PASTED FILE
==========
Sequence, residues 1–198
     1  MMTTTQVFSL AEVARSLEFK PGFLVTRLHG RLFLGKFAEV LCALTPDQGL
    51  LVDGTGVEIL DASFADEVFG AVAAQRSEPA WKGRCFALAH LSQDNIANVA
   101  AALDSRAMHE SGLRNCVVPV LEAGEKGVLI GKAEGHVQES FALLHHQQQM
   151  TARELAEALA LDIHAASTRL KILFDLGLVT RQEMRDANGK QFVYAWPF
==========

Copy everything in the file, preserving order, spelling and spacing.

Sequence, residues 1–198
     1  MMTTTQVFSL AEVARSLEFK PGFLVTRLHG RLFLGKFAEV LCALTPDQGL
    51  LVDGTGVEIL DASFADEVFG AVAAQRSEPA WKGRCFALAH LSQDNIANVA
   101  AALDSRAMHE SGLRNCVVPV LEAGEKGVLI GKAEGHVQES FALLHHQQQM
   151  TARELAEALA LDIHAASTRL KILFDLGLVT RQEMRDANGK QFVYAWPF